Features Published 20 December 2011

Picking Performance in 2011

Our Performance Editor annually recaps.

Diana Damian Martin

Performance is shape-shifting terrain; in its formal multiplicity and social curiosity, it carves incisions into contemporary life, refracts its rhythms, invades public spaces with open ended questions and creates intimate encounters, subtle gestures and playful actions.  This year has seen a rich, dynamic and even more accessible field grow out of its shell- and it’s had plenty to think about too, yet a considerable amount of this kind of work still requires festivals and seasons of work to reach its audience, despite a loud presence in the contemporary theatrical landscape.

Artsadmin’s Two Degrees Festival  invited artists to tackle climate change and current political agendas not just topically, but formally, looking at the meeting point between performance and activism, from unique dining experiences to an informal and discursive hair salon, breaking out into collective networks throughout East London.  It’s clear that political representation and collective action are shifting in the digital age, and that affects our relationship with institutionalized forms of protest. Taking this in mind, the Architecture Association’s exhibition Concrete Geometries explored the possibility of architecture to influence social behaviour, particularly looking at performing collectivity and considering the future potential of creating discursive spaces.

The roaming Distance Festival  looked at our relationship to distance in the digital age through an innovative curatorial approach, developing its programme through a three leg journey in Riga, London and Newcastle, featuring Sorrel Muggridge and Laura Nanni’s 2360 Miles  that represented the distance between the three cities through a scale length of rope, and Ruti Sela and Maayan Amir’s Trespassing  which saw the artists breach public and private boundaries in their travels.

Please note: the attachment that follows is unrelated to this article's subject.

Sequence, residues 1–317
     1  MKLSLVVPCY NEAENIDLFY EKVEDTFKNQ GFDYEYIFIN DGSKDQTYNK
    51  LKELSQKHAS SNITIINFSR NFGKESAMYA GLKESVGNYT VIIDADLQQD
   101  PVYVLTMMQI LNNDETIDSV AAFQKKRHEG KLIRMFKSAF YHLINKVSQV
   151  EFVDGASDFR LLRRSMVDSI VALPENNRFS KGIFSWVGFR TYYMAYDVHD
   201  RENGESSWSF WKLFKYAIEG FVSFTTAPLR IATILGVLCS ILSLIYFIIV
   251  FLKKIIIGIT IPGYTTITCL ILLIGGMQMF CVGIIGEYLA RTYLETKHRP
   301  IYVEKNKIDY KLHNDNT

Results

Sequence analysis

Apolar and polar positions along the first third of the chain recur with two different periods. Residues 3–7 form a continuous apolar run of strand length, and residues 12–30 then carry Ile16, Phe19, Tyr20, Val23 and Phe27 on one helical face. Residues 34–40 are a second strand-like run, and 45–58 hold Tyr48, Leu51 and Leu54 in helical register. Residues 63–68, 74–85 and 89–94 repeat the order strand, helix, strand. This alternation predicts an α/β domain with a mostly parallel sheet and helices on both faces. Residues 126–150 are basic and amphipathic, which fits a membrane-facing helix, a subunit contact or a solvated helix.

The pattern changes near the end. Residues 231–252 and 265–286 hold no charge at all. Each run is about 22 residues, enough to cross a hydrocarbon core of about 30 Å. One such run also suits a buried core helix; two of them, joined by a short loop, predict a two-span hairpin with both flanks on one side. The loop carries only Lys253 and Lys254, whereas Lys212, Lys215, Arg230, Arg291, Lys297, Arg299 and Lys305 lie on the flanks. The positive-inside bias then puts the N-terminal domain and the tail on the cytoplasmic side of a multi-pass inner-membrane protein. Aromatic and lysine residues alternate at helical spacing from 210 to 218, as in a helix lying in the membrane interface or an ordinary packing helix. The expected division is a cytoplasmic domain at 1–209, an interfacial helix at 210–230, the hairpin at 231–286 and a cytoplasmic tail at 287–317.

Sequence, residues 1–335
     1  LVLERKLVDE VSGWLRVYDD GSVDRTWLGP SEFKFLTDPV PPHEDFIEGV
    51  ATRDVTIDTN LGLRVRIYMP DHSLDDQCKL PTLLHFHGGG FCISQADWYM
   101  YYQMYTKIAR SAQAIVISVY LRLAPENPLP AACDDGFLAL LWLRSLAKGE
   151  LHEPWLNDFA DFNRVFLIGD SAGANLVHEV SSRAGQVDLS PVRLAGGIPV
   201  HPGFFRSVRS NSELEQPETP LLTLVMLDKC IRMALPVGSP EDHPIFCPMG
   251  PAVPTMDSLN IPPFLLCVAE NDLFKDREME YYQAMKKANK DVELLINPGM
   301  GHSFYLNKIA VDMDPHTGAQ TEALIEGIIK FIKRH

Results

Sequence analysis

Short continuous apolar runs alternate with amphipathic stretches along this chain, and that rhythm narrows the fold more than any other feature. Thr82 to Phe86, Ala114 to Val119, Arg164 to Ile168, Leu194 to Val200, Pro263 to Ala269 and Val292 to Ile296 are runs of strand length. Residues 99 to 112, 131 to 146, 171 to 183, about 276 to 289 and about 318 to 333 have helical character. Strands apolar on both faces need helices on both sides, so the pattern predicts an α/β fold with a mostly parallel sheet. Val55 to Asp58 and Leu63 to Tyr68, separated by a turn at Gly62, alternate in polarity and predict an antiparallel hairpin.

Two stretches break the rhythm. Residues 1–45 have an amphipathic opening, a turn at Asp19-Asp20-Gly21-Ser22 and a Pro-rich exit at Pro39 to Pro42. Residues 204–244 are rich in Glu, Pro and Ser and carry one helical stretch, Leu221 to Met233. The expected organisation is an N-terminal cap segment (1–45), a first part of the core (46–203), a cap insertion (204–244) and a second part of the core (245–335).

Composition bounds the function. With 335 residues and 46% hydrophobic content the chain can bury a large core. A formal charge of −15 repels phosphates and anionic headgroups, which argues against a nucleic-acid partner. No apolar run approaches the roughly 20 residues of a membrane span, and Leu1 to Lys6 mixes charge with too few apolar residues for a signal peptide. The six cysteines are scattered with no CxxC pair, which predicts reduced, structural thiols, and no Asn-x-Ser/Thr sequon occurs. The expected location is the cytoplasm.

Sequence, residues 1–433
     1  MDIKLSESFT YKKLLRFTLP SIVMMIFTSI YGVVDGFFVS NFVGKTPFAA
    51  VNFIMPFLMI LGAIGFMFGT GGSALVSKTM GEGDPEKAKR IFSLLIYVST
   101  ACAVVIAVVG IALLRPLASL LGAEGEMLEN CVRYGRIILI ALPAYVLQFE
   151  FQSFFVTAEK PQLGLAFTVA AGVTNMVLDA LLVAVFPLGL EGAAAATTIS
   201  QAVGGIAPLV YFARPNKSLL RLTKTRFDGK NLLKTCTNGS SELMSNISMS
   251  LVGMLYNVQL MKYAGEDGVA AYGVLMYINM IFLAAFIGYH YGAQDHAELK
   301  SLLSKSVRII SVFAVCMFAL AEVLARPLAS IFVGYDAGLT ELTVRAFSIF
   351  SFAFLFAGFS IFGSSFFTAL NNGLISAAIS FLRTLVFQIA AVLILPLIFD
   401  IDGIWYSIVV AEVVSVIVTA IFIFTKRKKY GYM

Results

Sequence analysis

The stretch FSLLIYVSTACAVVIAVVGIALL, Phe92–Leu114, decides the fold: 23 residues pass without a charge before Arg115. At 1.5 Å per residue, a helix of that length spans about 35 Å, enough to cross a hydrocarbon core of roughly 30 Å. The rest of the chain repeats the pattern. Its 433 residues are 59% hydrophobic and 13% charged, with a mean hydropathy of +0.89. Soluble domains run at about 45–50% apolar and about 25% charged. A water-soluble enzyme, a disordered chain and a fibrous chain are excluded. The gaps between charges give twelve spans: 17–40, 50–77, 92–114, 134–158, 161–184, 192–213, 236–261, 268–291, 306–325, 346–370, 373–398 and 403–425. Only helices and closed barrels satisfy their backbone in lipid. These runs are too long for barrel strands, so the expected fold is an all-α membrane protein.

Another unique curatorial collaboration was Birmingham’s BE Festival  bringing together an interesting selection of local and international work. Each night saw a different selection of thirty minute shows interrupted by a brief dinner and lots of conversation. Of note are international Spain- based Sleepwalk Collective  with their piece As the Flames Rose We Danced to the sirens, the sirens and Theatre ad Infinitum’s beautifully expressive Translunar Paradise  blending mask and movement, which you can catch at the London International Mime Festival this coming January.

Speaking of LIMF 2011, some excellent international work particularly in the realms of circus and performance art, with Joseph Nadj’s lyrical Les Corbeaux, American duo Sobelle & Ford’s witty satire Flesh and Blood & Fish and Fowl, Russian company Akhe’s inventive and playful Gobo.Digital Glossary  and French circus company MPTA/Mathurin Bolze’s  dazzling piece about the social politics of a moving shipwreck Du Goudron et Des Plumes.

Jackson’s Lane Postcards Festival  featured some great work from Irish duo nineties inspired This is What We Do For a Living  and Ed Rapley’s nostalgic and playful 10 Ways to Die Onstage accompanied by Bryony Kimming’s hilarious 7 Day Drunk.

ICA’s Live Art Weekends returned this year in a collaboration with Shunt collective , bringing a variety of artists in a nuanced five day marathon of films, interventions, workshops and parties featuring Action Hero’s Live Art Tattoo Parlour,  Simon Kane’s subversive Jonah non Grata and Mamoru Iriguchi’s playful Bang Bang, bringing video games and performance together.

Spill Festival returned this year at the Barbican with Kings of England’s first piece in their ten year cycle of works, In Eldersfield Chapter One: An Elegy for Paul Dirac,  containing one of the most powerful twenty minute silence you’ll ever encounter in theatre (watch out for Chapter Two  next year) and Harminder Judge’s ritualistic Do What Thou Wilt.  Back to Birmingham for Fierce Festival which examined the formal boundaries of performance in a collision of excellent pieces taking place in a myriad of spaces throughout the city, featuring Lundahl and Seitl’s sensorial experience of appropriated histories Symphony of a Missing Room  at Birmingham Museum and Art Gallery. Glasgow–based live art festival New Territories  presented Via Negativa’s exploration of the concept of the present and relational in a special programme of performances.  The V&A presented the exhibition Five Truths , an exploration of five European shape-shifters from Grotowski to Stanislavski under Katie Mitchell’s direction.